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A SOUTH Wales Garden Centre with over three decades of history is undergoing a mini-makeover to modernise its facilities and ensure it continues to thrive for years to come.
Having originally started life mainly as a tomato, potato and flower growing nursery, Morris’ Garden Centre, Farm Shop & Nurseries have been open to the public for 32 years.
Originally acquired by Chris and Jane Morris in 1982, the premises evolved to sell plants, pet and garden products, home furnishings and gifts as well as operating a farm shop.
The popular Usk-based business, which is now run by their daughter Kate alongside daughter in law Helen who runs the farm shop, also comprises a restaurant and family-run farm.
Its ongoing success saw it scoop Family Business of the Year at the 2020 Welsh Business Awards, with the judges full of praise for their ‘strong and sustainable’ model, family values and ethos.
Now its owners have called on the expertise of our Garden Centre Design team to update the roof of its main cafe and restaurant area - whilst remaining open to the public.
As the new cafe roof is being put in place, we will also utilise the opportunity to insert some plastic gutter liners into the existing structure to protect and prolong the life of the current gutter system.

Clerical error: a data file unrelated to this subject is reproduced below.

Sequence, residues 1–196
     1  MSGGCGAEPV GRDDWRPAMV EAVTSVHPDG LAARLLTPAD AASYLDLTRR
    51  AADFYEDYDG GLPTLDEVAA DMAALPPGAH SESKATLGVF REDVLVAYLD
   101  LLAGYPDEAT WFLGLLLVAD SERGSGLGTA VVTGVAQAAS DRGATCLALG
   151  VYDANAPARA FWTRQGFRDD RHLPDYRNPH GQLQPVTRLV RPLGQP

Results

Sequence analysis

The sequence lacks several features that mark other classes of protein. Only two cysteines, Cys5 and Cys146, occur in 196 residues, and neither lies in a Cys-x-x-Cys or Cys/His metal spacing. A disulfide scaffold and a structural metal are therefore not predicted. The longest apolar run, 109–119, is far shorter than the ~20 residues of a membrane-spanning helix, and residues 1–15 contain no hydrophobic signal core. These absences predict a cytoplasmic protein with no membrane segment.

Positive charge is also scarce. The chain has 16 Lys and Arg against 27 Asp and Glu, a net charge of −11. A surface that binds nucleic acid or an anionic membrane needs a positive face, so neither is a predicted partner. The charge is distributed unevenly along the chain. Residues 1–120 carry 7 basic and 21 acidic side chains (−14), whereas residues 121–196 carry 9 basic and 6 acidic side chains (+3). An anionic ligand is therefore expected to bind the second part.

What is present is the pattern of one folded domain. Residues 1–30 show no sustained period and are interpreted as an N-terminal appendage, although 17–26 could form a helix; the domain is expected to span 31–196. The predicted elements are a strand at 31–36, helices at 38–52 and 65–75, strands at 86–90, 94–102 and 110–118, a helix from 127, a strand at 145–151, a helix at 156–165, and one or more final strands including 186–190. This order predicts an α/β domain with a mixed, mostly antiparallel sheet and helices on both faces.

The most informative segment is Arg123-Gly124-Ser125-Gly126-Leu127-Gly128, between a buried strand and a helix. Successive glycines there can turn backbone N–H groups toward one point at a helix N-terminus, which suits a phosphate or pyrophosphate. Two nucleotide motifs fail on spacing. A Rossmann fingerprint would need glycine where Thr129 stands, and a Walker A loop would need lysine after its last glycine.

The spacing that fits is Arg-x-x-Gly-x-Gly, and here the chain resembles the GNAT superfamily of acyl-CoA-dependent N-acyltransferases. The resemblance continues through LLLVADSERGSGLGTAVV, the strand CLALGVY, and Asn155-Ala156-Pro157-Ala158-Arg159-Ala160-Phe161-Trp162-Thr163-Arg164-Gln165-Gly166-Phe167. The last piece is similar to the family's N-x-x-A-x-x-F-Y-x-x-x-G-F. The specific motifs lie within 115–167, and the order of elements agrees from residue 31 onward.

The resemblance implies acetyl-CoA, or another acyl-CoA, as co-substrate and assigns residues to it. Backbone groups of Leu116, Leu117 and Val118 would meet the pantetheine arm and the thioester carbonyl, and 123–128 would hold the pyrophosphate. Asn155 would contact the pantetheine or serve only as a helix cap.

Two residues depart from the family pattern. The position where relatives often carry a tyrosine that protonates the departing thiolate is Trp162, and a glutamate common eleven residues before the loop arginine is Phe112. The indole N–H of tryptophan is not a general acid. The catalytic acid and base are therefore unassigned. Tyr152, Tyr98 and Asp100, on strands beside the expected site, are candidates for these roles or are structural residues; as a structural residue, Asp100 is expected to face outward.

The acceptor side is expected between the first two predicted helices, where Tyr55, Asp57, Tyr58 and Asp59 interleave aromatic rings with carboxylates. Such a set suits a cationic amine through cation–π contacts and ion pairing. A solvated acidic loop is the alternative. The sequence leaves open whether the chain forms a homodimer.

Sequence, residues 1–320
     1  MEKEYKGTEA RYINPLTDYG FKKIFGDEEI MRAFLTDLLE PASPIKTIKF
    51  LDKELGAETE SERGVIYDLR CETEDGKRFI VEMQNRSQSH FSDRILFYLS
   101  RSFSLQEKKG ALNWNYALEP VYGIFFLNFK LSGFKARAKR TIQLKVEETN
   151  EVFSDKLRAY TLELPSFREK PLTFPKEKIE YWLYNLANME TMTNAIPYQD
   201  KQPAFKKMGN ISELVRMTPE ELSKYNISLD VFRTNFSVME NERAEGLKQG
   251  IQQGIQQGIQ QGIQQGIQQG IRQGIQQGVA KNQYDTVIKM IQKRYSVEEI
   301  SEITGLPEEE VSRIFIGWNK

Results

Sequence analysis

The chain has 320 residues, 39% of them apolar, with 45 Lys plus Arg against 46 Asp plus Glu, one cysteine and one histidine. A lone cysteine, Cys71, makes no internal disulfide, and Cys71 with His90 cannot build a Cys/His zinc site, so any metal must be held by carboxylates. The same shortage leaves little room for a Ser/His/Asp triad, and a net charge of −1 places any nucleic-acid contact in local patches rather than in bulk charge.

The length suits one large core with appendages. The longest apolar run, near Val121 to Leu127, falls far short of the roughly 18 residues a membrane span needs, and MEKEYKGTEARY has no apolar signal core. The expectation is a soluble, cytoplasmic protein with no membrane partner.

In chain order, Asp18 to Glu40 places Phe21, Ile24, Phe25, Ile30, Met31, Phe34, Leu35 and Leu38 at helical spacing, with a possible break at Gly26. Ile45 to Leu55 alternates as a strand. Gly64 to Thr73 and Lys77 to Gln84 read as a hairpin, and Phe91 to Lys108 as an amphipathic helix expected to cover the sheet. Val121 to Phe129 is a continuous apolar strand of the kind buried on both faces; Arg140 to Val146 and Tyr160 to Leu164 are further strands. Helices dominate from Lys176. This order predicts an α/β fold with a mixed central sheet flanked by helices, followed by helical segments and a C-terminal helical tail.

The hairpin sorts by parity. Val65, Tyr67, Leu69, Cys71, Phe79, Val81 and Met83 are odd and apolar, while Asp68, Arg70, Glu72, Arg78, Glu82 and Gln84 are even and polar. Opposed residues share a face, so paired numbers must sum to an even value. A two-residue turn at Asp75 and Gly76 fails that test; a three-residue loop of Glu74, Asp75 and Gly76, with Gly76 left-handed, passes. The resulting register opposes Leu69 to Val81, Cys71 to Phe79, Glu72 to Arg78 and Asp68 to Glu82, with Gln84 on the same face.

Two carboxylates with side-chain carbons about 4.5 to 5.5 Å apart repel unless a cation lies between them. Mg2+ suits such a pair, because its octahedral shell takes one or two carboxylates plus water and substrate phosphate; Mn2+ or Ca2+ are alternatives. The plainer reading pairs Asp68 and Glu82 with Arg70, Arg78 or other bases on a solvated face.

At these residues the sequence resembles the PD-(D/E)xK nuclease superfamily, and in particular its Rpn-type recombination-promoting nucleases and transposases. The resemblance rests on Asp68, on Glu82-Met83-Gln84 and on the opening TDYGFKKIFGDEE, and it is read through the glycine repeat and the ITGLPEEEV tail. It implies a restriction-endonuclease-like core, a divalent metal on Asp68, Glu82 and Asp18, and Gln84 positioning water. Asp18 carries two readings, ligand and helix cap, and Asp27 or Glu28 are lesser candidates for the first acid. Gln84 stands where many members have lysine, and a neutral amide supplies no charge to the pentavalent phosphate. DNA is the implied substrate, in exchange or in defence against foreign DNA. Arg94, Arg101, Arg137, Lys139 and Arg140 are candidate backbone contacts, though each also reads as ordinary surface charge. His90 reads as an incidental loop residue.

Once that task is complete, the second element of the project will see us re-roof the main glasshouse area, where customers can browse and buy plants and general products. The current system will be replaced with a combination of composite and glass panels, along with new ventilation and additional operating motors.
Ian Dolman, Operations Manager at CambridgeHOK, has overseen the project since its concept and he is confident of completing the works in an eight to ten-week time frame.
Mr Dolman said: “Replacing the roof of the restaurant and cafe area is a complex procedure which has taken a lot of careful planning because we need to juggle the schedule of works with the fact that the public will still be using the facilities.
“Although the restaurant area will need to close at some stage, we have worked hard to devise a schedule which should minimise the impact on the business.
“Once that has been completed, the second element of the project is much more straightforward. It will simply be a case of starting at one end of the glasshouse and working our way down in stages. Again, this has been done so that the majority of retail space can remain open.”
After operating in Usk for 40 years, the Morris family also run a landscaping business, Morris’s Grounds Maintenance, from the site.
During the initial planning stage, we have worked closely with their in-house Health & Safety advisor and the customer’s team on site to agree a suitable plan for access and storage control, as well as working out which parts of the cafe will need to close and when.
“Ensuring the public and customers are safe is our number one priority,” added Mr Dolman. “It's been very helpful to get the views of the customer and their fellow Health & Safety professional who has extensive experience and expertise in Health & Safety matters.
“Whilst we have listened to their views and requirements, they have also listened to our needs and the relationship has been very productive. I'm very confident we have managed to devise a seamless solution that will ensure the project runs smoothly.”
Work started on September 20th and customers should experience some slight disruption for around eight weeks, before completion in time for the run up to Christmas.